Hope in the Storm

In the last blog I wrote I talked a little bit about the challenges I was finding blogging through the pandemic. How do I talk about this experience that is completely universal and yet so deeply personal? Although every one of us will be impacted by it, we will not feel it the same, largely depending on the circumstances we are in.

 We are not all in the same boat. We are all in the same storm – (@Damian_Barr)

I often think of Klinic as a ship of sorts so perhaps this make sense.  Lately, we have been talking a lot about those who may not have access to safe boats, hammered by the storm.  Those that this crisis is impacting the hardest, physically and emotionally. We have been talking about how we ensure our ship can offer safe harbour.

It is not easy work turning a ship quickly, offering supports and services in new ways almost every other week, and watch more and more options shutting down.  What I want to share is, I have truly never seen anything like it.  I am in awe of our capacity to shift when we need to.  I want to talk specifically about two examples, but I also want to honour the work that everyone is doing at Klinic everyday, in every facet of our care.

I first want to talk about our Crisis Services, which answer between 100 – 130 calls a day, and on busier days, up to 160, operating 24/7, 365 days per year. Staffed by a combination of staff and volunteers, this team has been heavily impacted by the pandemic.  Stay at home orders and reduced capacity for training and spacing has led to an almost fifty percent drop in our volunteer workforce. This heavily impacts the remaining staff and volunteers.  On top of it, we have asked a lot of these folks (and others across our organization) this year, with a relocation and major upgrades in our phone system, followed by new distancing protocols, we have gone through lots of new learning curves and challenges to work through.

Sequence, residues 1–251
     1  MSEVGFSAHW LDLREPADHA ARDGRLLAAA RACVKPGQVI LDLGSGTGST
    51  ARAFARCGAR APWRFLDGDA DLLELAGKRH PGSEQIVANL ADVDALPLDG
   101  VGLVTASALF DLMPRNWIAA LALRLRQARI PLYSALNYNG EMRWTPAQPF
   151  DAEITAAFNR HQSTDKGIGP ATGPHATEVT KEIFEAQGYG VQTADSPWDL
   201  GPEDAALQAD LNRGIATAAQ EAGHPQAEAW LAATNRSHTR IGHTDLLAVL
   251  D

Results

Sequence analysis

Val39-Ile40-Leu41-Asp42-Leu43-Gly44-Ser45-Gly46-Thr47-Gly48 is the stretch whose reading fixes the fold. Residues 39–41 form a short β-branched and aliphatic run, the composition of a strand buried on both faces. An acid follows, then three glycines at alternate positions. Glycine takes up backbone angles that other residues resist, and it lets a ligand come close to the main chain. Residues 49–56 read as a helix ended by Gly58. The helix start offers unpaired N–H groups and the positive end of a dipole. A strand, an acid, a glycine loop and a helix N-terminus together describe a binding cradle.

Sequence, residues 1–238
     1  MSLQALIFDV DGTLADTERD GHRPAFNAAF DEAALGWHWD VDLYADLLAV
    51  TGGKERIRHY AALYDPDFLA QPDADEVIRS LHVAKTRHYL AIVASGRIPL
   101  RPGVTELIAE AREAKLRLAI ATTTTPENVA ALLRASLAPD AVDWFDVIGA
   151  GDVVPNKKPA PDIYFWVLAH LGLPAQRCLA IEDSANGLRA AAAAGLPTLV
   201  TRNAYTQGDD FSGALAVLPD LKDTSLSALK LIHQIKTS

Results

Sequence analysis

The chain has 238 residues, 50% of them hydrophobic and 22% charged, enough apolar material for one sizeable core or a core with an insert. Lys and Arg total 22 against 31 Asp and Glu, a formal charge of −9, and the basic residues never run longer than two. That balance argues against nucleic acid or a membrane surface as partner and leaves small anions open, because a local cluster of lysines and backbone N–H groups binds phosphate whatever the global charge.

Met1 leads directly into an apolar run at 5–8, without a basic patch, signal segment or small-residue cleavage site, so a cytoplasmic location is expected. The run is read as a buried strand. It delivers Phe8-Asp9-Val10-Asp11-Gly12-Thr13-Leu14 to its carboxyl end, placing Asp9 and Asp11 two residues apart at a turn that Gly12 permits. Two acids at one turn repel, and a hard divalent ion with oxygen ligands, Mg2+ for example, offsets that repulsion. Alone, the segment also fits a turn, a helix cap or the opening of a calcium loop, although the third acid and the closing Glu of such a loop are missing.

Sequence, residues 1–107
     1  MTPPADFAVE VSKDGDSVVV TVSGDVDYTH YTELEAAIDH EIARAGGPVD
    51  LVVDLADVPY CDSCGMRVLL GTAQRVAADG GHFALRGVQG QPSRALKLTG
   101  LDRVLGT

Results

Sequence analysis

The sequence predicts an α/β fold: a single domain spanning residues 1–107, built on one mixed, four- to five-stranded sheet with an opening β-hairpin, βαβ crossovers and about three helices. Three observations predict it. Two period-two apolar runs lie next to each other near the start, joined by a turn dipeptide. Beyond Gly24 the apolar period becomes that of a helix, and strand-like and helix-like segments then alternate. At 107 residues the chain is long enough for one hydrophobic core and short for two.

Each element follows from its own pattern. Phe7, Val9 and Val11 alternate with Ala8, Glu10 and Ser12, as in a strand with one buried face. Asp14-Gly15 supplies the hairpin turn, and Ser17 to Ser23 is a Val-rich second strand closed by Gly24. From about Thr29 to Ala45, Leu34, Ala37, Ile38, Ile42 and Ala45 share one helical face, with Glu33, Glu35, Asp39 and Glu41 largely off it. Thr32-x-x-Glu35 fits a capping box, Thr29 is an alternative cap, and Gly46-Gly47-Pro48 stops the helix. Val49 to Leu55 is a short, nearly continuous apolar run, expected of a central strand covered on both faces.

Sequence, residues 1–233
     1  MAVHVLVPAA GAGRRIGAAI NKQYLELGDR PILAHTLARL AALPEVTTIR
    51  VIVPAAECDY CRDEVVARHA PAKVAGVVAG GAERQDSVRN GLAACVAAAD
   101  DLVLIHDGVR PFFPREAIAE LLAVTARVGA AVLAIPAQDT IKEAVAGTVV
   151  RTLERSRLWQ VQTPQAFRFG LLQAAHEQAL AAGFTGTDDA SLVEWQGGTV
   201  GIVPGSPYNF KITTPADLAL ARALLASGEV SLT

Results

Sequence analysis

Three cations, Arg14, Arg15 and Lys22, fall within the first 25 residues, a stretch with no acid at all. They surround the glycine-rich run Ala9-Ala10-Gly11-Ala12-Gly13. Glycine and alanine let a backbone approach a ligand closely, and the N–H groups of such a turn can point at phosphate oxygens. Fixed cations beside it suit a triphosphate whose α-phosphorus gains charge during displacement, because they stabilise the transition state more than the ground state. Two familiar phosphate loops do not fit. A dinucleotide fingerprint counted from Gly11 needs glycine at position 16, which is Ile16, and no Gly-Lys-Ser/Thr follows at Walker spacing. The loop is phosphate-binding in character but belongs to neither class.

Yet they are superstars.  They keep showing up, helping us, and most importantly, helping the people that rely on them, get through all these changes.  I know it is difficult for them to know that we are not answering a significant amount of calls, though some of this is not new, however, but new knowledge we have gained through a modern phone system.  The reality is, the need only grows.

The second thing I want to talk about is our new expanded services.  As noted more and more people in our community are not able to access services they need due to shut downs.  Klinic worked with several of our MACH (Manitoba Association of Community Health) partners such as, Sexuality Education Resource Centre (SERC), Women’s Health Clinic, Nine Circles Community Health Centre and MFL Occupational Health Centre –to utilize Klinic as a hub to provide services to those people who need it most in the Downtown/West End areas.   Our staff have worked incredibly hard and been extremely innovative in bringing this vision to reality in very short time.  The largest change includes same day care for those in our community who need this.  For more information you can visit Klinic’s Service Updates Resulting from COVID-19 here.

In thinking about how to talk about hope and the future, I would like to quote a colleague of mine from Ontario, Lynne Raskin, whom I have written about before.  As I was preparing to write this Lynne sent out a holiday message that I felt I could not improve on.

As we enter this season of the solstice experiencing the darkest hours of the year, the light to navigate must come from all of us…illuminating what we could not see and lighting the way for each other.  At this time, we each engage in traditional celebrations of light which show us the path that we are invited to walk, side by side.


And as we keep our loved ones close, we must reach out in kindness to others as we move into 2021 making time for joy, appreciation, struggle, hope and gratitude…..while we work for what is just and are resolutely intolerant of what is not.


Celebrating the solstices is a long tradition at Klinic.  As we go into the longest night, we also get ever closer to the longest day.  I am hopeful that by then we will be able to once again gather together in the light.

With gratitude to all our staff, volunteers and supporters.  If you would like to help support our crisis services visit our end of year campaign, inspiring hope